From the bestselling author of The Obituary Writer comes the stirring multigenerational story of an Italian family.
An Italian Wife opens in turn-of-the-century Italy, when young Josephine Rimaldi is forced to follow her new husband to America in an arranged marriage and finds herself in a strange country with a man she doesn't know or love.
Bound by tradition, she gives birth to seven children; the last, conceived in a passionate affair, Josephine must give up for adoption. Josephine spends the rest of her life searching for this child, keeping her secret even as her other children, whose stories unfold in surprising ways, go off to war, get married, and make their own mistakes: Her son suffers in World War I. Her daughter struggles to assimilate in the new world of the 1950s American suburbs. And her granddaughters experiment with the sex, drugs, and rock and roll of the 1970s.
Poignant, sensual, and deeply felt, An Italian Wife is a sweeping and evocative portrait of a family bound by love and heartbreak.
©2014 Ann Hood (P)2014 Blackstone Audio
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The synopsis promised a sweeping 70-year family saga with a secret about a child put up for adoption – juicy! But it was not even close to good.
It was a series of vignettes with no point; they did not relate to each other nor back to the premise in the synopsis. Another reviewer wrote that it was “a series of short stories about naive women and their sex lives”. That made me laugh out loud! So true! Over and over I found myself thinking “here we go again!” it was so gratuitous that it was became preposterous and the author’s clear fetish for breasts was just weird.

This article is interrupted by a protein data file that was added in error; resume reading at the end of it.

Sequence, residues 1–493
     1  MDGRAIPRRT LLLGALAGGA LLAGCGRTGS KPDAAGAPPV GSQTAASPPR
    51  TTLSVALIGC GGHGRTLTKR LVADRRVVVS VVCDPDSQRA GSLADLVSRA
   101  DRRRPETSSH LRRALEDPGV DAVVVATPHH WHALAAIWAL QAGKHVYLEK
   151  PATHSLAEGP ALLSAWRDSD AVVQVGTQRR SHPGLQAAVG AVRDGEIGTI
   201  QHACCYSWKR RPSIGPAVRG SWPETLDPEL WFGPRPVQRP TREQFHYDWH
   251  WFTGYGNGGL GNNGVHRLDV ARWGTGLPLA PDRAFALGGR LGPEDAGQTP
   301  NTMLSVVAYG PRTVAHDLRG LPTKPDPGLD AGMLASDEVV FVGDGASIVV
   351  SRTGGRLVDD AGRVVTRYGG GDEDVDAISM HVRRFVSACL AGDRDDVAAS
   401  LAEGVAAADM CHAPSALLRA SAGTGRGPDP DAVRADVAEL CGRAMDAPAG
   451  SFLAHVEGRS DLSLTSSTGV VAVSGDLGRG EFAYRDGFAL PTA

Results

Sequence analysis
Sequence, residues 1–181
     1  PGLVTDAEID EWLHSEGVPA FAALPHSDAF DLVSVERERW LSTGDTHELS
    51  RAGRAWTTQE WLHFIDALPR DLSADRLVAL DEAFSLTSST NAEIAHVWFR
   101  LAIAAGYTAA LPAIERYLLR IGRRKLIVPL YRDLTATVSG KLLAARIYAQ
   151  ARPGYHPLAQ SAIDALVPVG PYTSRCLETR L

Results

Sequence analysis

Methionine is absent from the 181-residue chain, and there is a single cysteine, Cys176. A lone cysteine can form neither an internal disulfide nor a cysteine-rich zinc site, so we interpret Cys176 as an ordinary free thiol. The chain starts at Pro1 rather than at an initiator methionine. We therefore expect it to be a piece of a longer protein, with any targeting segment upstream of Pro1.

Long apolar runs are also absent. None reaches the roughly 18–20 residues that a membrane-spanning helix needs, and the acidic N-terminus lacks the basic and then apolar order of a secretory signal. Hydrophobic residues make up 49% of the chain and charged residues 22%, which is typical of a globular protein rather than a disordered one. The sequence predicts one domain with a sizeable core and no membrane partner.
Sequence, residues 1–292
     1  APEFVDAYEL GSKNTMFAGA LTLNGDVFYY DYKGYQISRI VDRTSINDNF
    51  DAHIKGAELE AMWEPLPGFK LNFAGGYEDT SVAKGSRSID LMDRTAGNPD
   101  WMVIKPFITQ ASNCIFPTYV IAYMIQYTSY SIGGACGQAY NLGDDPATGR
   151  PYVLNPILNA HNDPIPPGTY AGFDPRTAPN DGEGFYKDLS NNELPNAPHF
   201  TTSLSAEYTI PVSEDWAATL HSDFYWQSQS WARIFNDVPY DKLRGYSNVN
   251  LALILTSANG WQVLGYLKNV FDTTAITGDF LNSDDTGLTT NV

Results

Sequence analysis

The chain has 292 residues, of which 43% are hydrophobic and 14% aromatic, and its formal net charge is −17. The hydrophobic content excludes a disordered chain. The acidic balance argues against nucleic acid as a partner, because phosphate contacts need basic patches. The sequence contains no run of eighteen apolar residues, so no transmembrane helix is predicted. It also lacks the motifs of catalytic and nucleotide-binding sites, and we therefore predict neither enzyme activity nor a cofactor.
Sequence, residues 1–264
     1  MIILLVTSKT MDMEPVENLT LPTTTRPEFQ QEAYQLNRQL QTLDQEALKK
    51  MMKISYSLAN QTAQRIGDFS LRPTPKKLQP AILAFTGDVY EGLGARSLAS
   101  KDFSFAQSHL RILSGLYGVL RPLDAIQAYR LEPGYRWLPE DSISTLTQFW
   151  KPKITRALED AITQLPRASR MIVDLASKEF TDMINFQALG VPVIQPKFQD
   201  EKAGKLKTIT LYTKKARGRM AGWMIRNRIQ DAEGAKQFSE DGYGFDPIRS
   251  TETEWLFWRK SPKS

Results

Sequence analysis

By the time I was half way done with the book, I was fed up: yet another inane vignette, yet another pointless sex scene… and endless boobs. Boobs boobs boobs boobs boobs. It was ridiculous.
I kept going because I wanted to know what happened to the daughter that was put up for adoption, but I was listening in triple speed to get it over with. The lying synopsis said that: Josephine spends the rest of her life searching for her lost child – well if she did, that was in another book!
Oh God! Where to begin with this one? If we had just stuck to the main character all the way through, I would have given it five stars. But, as it is, it was very confusing most of the time. Too many characters, too many narratives, too many jumps back and forth between timelines. On the upside, each narrative was beautifully written in its own way. This story is like one giant web of narratives of a large number of characters that tie back to one common place..., the center: Josefina. What a story... ¡Qué historietas!
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